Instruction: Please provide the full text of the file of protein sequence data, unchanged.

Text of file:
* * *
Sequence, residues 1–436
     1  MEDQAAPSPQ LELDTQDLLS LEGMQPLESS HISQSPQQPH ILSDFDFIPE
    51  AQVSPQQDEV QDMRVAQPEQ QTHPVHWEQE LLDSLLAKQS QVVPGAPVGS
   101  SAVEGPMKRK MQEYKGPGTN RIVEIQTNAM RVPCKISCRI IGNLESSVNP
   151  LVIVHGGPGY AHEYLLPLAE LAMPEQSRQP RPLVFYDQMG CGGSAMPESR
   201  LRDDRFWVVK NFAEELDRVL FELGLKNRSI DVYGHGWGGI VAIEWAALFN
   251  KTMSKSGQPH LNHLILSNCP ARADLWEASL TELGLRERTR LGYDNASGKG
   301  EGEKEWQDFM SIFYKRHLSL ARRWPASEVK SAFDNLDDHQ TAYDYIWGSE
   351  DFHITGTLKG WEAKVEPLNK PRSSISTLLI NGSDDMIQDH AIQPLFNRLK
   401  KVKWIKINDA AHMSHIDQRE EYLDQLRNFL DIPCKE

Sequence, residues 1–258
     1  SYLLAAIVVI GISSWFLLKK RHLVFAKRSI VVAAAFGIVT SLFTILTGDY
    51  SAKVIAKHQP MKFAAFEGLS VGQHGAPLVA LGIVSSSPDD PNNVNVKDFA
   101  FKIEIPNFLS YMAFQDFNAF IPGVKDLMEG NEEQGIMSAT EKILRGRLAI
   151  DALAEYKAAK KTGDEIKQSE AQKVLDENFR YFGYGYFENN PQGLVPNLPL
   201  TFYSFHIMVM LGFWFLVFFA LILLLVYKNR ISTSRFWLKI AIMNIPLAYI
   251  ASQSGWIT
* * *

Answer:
Sequence, residues 1–436
     1  MEDQAAPSPQ LELDTQDLLS LEGMQPLESS HISQSPQQPH ILSDFDFIPE
    51  AQVSPQQDEV QDMRVAQPEQ QTHPVHWEQE LLDSLLAKQS QVVPGAPVGS
   101  SAVEGPMKRK MQEYKGPGTN RIVEIQTNAM RVPCKISCRI IGNLESSVNP
   151  LVIVHGGPGY AHEYLLPLAE LAMPEQSRQP RPLVFYDQMG CGGSAMPESR
   201  LRDDRFWVVK NFAEELDRVL FELGLKNRSI DVYGHGWGGI VAIEWAALFN
   251  KTMSKSGQPH LNHLILSNCP ARADLWEASL TELGLRERTR LGYDNASGKG
   301  EGEKEWQDFM SIFYKRHLSL ARRWPASEVK SAFDNLDDHQ TAYDYIWGSE
   351  DFHITGTLKG WEAKVEPLNK PRSSISTLLI NGSDDMIQDH AIQPLFNRLK
   401  KVKWIKINDA AHMSHIDQRE EYLDQLRNFL DIPCKE

Sequence, residues 1–258
     1  SYLLAAIVVI GISSWFLLKK RHLVFAKRSI VVAAAFGIVT SLFTILTGDY
    51  SAKVIAKHQP MKFAAFEGLS VGQHGAPLVA LGIVSSSPDD PNNVNVKDFA
   101  FKIEIPNFLS YMAFQDFNAF IPGVKDLMEG NEEQGIMSAT EKILRGRLAI
   151  DALAEYKAAK KTGDEIKQSE AQKVLDENFR YFGYGYFENN PQGLVPNLPL
   201  TFYSFHIMVM LGFWFLVFFA LILLLVYKNR ISTSRFWLKI AIMNIPLAYI
   251  ASQSGWIT